Hey ho. I think I have said enough about the episode itself. Matt Smith never quite lived up to his promise, if you ask me, but I am still sorry to see him go. My problems are not with him but the scripts he was required to perform. Steven Moffat has spoken about the lunacy of changing the entire creative team of a programme at the same time, as happened when Rusty Davies and David Tennant departed together. That may be the case, but I would still rather have seen Moffat move on than Matt Smith. For me the programme seems in definite need of a sharp change of approach, and I’m not sure that Capaldi’s arrival alone will be enough to bring that about.


Geeky Bit: The Clockspeed of the Doctor

Well, Moffat doesn’t seem to care that much about the wider fictional universe of the show, which just makes life a bit more interesting for those of us who do. So – age and aging where the Doctor’s concerned.

There are already, of course, several inconsistencies concerning the Doctor’s actual age already written into the series. Jon Pertwee’s Doctor at one point appears to allude to being several thousand years old, which obviously jibes with the age of around 750 which was the standard in the middle Tom Baker years. The next time we get even a general age it’s during the Colin Baker era, by which time the Doctor is claiming to be around 900 – specifically, 953 during Time and the Rani. This is of course flatly contradicted again by various stories from the Eccleston and Tennant series, wherein the Doctor is back down to about 900 (and seems to be aging in real time).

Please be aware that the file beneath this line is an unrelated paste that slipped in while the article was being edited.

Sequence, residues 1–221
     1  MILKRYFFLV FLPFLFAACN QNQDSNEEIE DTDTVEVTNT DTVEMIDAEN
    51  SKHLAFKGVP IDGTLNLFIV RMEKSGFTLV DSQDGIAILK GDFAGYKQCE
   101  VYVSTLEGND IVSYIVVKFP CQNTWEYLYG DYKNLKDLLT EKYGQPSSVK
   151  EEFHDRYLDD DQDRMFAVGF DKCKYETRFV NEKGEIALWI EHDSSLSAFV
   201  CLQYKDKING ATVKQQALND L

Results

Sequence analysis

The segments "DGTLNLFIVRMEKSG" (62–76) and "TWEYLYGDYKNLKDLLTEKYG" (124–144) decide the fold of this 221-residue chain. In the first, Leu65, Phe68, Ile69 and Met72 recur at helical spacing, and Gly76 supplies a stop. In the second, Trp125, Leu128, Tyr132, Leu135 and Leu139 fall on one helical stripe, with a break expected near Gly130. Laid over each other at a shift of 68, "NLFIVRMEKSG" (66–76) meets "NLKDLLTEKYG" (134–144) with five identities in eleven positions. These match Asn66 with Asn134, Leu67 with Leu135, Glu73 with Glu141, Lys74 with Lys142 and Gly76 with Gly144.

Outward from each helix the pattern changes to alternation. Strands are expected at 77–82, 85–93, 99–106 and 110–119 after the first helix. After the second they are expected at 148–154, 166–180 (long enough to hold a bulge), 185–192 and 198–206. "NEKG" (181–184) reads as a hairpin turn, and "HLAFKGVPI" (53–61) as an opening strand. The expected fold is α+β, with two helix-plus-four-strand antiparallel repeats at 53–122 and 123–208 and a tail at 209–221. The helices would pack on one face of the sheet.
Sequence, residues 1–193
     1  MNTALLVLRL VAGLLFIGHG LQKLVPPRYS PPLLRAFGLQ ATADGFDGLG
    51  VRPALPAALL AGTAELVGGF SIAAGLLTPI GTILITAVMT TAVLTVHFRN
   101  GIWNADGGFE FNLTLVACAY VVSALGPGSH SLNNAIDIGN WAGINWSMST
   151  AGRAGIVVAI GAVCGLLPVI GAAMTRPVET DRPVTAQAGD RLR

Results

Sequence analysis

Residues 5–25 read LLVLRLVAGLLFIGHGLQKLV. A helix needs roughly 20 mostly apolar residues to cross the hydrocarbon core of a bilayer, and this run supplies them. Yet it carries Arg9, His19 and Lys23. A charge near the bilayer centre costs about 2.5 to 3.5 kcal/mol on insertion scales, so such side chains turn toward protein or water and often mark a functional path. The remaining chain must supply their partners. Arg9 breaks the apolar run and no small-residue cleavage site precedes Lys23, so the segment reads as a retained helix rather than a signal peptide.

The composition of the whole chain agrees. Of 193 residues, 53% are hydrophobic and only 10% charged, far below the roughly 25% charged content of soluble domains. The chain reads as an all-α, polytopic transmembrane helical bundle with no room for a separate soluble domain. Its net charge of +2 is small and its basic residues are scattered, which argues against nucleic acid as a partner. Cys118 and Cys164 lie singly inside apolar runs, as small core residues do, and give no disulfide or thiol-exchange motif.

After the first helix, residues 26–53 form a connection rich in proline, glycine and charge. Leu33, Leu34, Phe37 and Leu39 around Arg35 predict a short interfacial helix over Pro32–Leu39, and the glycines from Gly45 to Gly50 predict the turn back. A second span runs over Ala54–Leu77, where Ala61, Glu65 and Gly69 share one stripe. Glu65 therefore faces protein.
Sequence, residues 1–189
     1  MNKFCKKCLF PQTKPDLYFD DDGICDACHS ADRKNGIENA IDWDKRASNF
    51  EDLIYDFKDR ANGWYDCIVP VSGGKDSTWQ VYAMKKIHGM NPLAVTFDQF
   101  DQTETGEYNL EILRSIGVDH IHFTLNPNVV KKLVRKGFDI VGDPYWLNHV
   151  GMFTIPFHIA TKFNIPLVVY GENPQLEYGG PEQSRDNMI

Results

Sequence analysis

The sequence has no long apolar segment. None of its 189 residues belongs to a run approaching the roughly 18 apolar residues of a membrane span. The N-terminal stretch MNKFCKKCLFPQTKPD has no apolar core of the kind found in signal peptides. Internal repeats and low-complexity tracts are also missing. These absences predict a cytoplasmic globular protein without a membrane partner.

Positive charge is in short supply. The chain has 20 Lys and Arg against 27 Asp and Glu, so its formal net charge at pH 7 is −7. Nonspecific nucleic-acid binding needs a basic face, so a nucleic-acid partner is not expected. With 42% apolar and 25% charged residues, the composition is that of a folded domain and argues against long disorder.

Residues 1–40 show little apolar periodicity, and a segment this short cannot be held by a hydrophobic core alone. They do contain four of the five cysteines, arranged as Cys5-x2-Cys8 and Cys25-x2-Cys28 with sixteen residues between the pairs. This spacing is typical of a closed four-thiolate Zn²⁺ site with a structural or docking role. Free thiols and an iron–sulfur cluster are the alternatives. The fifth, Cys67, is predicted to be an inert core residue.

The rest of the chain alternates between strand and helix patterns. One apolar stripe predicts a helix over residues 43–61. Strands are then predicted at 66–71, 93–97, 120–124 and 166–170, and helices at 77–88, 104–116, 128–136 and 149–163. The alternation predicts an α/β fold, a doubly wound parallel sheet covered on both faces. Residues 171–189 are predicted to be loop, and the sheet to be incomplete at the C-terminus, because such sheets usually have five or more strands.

Any way you look at it, the Doctor had never been more than about 950 at any point prior to the arrival of Matt Smith: but here there is a bit of a shift. If we take the Doctor at his word, 200 years pass between The God Complex and Closing Time, then at least 300 more during The Time of the Doctor itself. Quite how long passes between the Dalek attack on the Papal Mainframe and the Doctor’s actual regeneration seems unclear, as we don’t really understand how he ages (he doesn’t age at all in the two hundred year gap mentioned up the page, but becomes noticeably more aged during the three hundred year Siege of Trenzalore), but at least another three or four centuries seems like a reasonable estimate.

The upshot of all this is that the final incarnation of the Doctor’s original regeneration cycle survived for at least 800 years, and potentially as long as the first twelve put together: most of which happened off-screen, of course, but even so it’s a somewhat peculiar development.

This would be an appropriate place to comment on the issue of the renewal of the Doctor’s regeneration cycle, and quite how this squares with the ‘All thirteen of him!’ moment from the anniversary special – or, indeed, the eleventh Doctor’s aborted regeneration from The Impossible Astronaut, or threat to regenerate in Nightmare in Silver. But that will wait for another time, I think…